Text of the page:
Cutting the tape seals reveals four un-numbered bags of elements, two slim instruction booklets, a cardboard backdrop, and an 8 x 16 light bley plate loose in the box. There's no DSS.  You can see the backdrop below; the foreground is printed with a fairly crude and generic representation of the entrance to the LEGOLAND parks, with a silhouette of the park attractions in the background. The backdrop is perforated close to its lower edge by a couple of slots which will be used to attach it to the finished model.

As reflected by their front covers (pictures below), one booklet contains instructions to build the dark-skinned family, and the other to build the light-skinned family. Both booklets are around 40 pages in length, with one being a couple of pages longer than the other by virtue of the inclusion of a 2-page inventory of parts at the end. Unusually, apart from the LEGOLAND references there's absolutely no advertising in either booklet.

You can see a selection of some the more uncommon elements contained within the set below. There aren't any elements unique to the set, although the dark tan 2 x 2 tile printed with the gold star has only previously featured in one other set, the Palace Cinema. Other elements such as the tan modified 1 x 1 plate with vertical clip and the left and right dark green 6 x 3 wedge plates can only be found in two other sets, and this is only the fourth appearance of the ovoid shield with lion head motif. All other elements in the picture have appeared in ten sets or less.

The build itself is predictably fairly simple. You start out by assembling a stand using green and light bley plates; this is then decorated with dark green wedge plates, some dark bley 2 x 2 round tiles and 1 x 1 round plates, and a few bright light orange and dark pink flowers. Then it's time to start work on the Miniland-style figures themselves.  There's liberal use of plates modified with clips, closed handles and hinges to allow some arm movement, and clips and clip lights are pressed into service as hands so that the figures can hold a variety of accessories including a sword, a shield, a wand, a brick-built camera and a bunch of flowers. Mum has a 2 x 2 turntable at waist level so is able to rotate the upper part of her body; all the figures have a 1 x 1 round plate for a neck, so head rotation is simply a case of twisting the head to the desired position. Baby's curls are formed from modified 1 x 1 plates with clip light, while dad has for some reason got the dark tan printed 2 x 2 tile stuck on his chest, presumably to represent a naff sweater....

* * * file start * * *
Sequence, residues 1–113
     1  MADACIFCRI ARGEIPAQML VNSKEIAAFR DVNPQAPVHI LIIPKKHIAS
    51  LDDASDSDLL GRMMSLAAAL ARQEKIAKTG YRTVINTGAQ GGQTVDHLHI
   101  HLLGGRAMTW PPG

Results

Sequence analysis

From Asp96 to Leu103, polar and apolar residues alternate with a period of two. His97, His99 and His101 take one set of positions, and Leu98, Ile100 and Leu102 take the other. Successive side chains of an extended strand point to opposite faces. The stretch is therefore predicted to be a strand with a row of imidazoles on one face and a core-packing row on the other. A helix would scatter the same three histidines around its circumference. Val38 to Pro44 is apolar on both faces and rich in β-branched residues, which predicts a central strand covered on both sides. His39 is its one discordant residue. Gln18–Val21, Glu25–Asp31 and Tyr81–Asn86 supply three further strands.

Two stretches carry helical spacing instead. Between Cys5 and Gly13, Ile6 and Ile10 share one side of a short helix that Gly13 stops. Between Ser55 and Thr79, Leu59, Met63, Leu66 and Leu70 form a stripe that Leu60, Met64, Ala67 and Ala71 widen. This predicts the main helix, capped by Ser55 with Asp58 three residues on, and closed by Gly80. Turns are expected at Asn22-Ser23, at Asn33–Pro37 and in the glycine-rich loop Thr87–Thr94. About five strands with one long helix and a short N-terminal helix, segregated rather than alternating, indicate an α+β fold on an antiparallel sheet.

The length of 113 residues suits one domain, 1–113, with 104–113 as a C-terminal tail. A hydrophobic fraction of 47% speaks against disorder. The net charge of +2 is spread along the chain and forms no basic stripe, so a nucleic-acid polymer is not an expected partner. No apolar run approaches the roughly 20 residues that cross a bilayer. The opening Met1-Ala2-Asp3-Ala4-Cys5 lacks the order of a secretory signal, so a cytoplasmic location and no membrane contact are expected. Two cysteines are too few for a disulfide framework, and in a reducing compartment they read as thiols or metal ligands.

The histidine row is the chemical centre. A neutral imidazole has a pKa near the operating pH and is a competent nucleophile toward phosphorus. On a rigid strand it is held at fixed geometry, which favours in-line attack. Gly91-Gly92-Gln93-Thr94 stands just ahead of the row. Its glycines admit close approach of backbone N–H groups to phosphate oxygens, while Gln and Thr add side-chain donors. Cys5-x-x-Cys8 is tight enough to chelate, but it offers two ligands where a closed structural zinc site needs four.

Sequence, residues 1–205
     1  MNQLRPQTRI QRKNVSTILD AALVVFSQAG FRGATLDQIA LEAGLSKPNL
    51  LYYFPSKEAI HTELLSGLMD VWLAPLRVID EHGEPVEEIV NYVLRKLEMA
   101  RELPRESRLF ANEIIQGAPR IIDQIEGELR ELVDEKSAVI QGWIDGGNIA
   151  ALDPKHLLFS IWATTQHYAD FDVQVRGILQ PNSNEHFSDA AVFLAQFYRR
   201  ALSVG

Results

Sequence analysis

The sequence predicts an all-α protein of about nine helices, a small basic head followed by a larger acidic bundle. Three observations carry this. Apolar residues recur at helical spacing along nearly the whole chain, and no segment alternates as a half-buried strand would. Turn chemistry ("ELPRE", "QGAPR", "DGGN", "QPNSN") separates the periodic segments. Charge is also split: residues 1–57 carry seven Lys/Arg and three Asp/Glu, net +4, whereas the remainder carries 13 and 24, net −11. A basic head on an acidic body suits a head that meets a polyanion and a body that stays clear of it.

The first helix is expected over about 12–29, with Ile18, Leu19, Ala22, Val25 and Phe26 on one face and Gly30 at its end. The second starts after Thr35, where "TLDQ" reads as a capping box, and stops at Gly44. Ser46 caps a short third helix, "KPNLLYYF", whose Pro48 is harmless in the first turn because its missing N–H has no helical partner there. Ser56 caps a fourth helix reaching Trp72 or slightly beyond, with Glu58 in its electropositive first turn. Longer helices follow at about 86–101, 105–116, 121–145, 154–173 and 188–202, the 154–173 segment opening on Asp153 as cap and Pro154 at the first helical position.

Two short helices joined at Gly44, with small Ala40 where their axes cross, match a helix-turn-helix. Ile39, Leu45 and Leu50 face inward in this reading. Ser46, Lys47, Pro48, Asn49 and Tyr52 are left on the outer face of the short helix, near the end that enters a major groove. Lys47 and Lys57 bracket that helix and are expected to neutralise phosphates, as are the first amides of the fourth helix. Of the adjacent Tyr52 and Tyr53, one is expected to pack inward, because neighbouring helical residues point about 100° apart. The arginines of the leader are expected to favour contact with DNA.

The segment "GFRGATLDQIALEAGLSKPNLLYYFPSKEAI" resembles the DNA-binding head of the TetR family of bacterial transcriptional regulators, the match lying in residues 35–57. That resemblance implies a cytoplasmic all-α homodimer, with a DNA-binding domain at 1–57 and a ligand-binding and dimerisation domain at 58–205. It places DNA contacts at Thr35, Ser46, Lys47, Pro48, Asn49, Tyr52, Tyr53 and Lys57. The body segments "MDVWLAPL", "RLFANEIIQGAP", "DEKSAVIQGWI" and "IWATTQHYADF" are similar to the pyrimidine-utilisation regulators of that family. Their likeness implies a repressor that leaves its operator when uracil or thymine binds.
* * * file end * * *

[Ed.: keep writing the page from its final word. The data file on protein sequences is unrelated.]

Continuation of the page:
The picture below shows how the backdrop is attached to the base. Dark green 1 x 3 tiles pass through the two slots at the bottom of the backdrop and attach to structures behind and in front. This securely anchors the backdrop to the base, although it does have a tendency to lean forwards or backwards a little.

As previously discussed, the set contains parts and instructions for an alternate build which you can see below (click to enlarge). Here, all the tan elements in the figures which represent exposed skin are substituted by reddish brown elements, with the exception of the elements making up the hands which are replaced by their black equivalents. This is understandable in the case of the 1 x 1 plate with clip light which doesn't exist in reddish brown, but less so for the 1 x 1 plate with vertical clip which appears in reddish brown in one of the currently-available Minecraft sets. Additionally, mum and baby get black hair.

Set 40115 LEGOLAND Entrance with Family is available now from LEGOLAND Windsor and other LEGOLAND parks. It contains 270 pieces and costs £12.99. As a fan of 'old school' builds I found the model to be quite charming, although the crude, simplistic nature of the Miniland-style figures won't be to everybody's taste, and some will no doubt complain about the lack of minifigures.... At £12.99 for 270 parts it's decent value for money, and it isn't often that you can say that about any aspect of the theme park experience.

Next time on Gimme LEGO : we're overdue a dig through the archives and another dose of Classic Space I reckon.... ;-)